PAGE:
“If we had 100 more candidates we could place them in a week. “(Experienced) data analysts and engineers, data scientists, cybersecurity analysts — demand for these individuals exceeds supply.”
She also predicted salary growth for specific marketing and human resources roles. “Traditional marketing roles are very flat, if not salaries have perhaps gone backwards, but on the positive side, any role in CRM (customer relationship management) expertise or focused on digital performance, those salaries are definitely going up,” she said. “In HR, the bright spot is health and safety specialists as there is such a skill shortage in high regulation environments.”
Mr Aird predicted there may also be pockets of wage growth in the construction sector to keep up with the “huge amount” of public investment in the pipeline, increased lending for residential renovations and new builds spurred by the federal government’s HomeBuilder package. Meanwhile, in Adelaide specifically, Recruitment Consulting
and Staffing Association (RCSA) chief executive Charles Cameron said recruiters expected strong demand for highly skilled talent in advanced manufacturing, which would lead to salary increases.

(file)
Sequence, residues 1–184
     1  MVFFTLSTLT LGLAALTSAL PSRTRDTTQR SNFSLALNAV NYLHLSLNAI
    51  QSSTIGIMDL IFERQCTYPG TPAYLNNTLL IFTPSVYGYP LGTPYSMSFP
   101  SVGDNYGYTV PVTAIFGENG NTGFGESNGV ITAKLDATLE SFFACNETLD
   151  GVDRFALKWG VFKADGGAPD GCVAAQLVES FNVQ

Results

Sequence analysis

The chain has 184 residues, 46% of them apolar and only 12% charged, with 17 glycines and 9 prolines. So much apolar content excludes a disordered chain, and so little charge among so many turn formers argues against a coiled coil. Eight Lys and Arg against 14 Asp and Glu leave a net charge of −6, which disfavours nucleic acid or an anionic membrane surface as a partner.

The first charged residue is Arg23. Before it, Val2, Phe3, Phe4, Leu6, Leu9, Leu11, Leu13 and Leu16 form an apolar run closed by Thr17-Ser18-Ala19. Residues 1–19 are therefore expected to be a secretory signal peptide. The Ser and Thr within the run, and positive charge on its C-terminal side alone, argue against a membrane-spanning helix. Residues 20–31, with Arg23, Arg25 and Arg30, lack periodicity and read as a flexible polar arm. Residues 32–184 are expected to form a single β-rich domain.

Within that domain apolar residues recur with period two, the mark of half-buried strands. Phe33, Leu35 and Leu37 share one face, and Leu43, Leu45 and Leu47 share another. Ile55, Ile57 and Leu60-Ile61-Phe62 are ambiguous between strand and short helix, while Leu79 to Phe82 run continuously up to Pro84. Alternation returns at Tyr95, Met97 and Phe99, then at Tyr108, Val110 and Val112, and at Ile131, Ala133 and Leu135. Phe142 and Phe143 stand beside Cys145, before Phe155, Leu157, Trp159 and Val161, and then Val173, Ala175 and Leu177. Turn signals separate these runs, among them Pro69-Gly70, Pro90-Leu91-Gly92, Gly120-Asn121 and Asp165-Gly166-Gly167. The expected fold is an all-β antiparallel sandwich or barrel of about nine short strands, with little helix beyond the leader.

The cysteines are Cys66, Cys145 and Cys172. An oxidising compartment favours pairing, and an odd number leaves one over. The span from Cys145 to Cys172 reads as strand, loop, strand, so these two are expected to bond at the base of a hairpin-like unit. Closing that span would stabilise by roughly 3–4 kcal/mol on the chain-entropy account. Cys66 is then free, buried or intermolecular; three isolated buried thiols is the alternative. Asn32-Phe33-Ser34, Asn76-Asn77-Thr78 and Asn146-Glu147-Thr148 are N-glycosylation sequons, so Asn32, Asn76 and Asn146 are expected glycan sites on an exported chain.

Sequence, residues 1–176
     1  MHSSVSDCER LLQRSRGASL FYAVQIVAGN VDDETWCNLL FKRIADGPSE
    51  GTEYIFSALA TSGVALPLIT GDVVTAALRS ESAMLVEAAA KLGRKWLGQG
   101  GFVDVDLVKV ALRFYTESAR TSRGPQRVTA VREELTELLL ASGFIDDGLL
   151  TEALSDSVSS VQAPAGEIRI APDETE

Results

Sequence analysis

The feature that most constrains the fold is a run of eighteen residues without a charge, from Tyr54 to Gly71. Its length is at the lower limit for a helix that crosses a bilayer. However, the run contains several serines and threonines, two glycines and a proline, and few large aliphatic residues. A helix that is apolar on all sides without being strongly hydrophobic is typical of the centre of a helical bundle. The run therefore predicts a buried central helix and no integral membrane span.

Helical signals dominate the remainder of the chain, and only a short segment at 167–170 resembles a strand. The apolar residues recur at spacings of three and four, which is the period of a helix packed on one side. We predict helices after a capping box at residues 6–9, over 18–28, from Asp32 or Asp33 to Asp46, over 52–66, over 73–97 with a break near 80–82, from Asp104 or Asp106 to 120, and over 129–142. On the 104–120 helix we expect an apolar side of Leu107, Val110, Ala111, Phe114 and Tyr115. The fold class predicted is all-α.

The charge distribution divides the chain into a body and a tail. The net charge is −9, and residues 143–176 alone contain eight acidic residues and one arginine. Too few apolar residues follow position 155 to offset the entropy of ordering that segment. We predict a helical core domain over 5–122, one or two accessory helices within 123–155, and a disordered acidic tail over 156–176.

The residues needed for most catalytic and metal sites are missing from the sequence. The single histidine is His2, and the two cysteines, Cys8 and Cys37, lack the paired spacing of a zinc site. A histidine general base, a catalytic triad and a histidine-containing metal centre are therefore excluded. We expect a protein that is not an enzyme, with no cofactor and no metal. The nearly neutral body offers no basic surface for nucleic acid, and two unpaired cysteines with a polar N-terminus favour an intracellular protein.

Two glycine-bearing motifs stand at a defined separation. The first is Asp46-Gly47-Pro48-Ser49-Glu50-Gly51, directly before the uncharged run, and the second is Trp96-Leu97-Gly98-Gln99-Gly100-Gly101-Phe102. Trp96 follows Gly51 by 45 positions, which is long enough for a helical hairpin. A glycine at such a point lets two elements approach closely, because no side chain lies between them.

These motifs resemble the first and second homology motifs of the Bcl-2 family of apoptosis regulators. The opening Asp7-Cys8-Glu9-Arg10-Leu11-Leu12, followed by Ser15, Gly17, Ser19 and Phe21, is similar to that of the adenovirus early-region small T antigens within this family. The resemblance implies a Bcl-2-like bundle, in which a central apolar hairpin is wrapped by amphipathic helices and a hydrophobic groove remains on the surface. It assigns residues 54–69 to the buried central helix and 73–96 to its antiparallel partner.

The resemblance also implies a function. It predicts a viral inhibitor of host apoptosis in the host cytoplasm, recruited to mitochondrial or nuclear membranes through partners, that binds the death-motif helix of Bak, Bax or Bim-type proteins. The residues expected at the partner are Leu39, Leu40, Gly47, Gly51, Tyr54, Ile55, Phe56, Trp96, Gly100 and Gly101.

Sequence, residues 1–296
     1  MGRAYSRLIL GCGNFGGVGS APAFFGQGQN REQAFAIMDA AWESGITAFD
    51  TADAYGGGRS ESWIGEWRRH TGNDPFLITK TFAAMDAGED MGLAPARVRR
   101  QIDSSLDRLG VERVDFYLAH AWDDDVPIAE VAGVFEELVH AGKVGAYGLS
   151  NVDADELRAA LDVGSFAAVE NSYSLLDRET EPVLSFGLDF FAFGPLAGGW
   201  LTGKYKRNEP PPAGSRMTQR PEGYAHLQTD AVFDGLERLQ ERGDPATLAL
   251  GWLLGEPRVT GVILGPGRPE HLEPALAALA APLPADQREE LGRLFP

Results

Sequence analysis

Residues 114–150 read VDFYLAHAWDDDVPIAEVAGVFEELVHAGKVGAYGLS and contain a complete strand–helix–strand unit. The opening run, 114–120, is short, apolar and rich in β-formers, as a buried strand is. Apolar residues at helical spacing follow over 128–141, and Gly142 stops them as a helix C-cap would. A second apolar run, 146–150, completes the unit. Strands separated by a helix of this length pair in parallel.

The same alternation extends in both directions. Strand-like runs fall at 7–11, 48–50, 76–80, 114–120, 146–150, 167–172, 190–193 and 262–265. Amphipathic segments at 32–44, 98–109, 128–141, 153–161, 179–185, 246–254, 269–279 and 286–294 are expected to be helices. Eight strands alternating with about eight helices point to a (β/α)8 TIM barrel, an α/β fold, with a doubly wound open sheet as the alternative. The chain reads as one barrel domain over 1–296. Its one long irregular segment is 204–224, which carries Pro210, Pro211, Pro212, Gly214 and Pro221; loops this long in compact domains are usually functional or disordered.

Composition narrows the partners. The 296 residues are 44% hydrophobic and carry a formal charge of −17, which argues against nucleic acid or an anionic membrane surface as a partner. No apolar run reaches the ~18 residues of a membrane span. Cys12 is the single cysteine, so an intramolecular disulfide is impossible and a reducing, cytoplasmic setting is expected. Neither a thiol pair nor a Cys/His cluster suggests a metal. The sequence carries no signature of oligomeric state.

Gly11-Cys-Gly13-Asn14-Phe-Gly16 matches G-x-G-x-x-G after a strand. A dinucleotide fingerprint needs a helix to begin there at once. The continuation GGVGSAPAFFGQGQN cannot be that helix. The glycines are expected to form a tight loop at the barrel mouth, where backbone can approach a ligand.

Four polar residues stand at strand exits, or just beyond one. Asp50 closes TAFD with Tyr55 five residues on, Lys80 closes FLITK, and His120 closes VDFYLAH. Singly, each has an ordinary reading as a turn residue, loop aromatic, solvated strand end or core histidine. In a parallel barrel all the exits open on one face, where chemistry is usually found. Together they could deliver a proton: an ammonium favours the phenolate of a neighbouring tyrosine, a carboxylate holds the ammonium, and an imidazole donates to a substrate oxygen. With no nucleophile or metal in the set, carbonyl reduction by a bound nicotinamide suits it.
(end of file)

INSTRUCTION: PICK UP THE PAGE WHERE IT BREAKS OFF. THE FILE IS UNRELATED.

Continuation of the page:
“They say the industry is going to boom and become recession-proof for Australia in the future,” Mr Cameron said. “It plays into the desire of Australia to become less reliant on
overseas manufacturing. It will be more technical knowledge and professionals.”
Those looking for highly paid jobs can hedge their bets for a six-figure salary by pursuing a career in mining or technology.
While $100,000-plus careers are possible in every sector, exclusive analysis of Seek job ads revealed 91 of
352 occupational groups averaged a pay packet of this size and they were dominated by these two sectors.
They included 14 mining, resources and energy jobs ranging from analysis and reporting ($101,929) through to management ($148,511), and 12 information and communication technology (ICT) jobs ranging from network engineering ($100,919)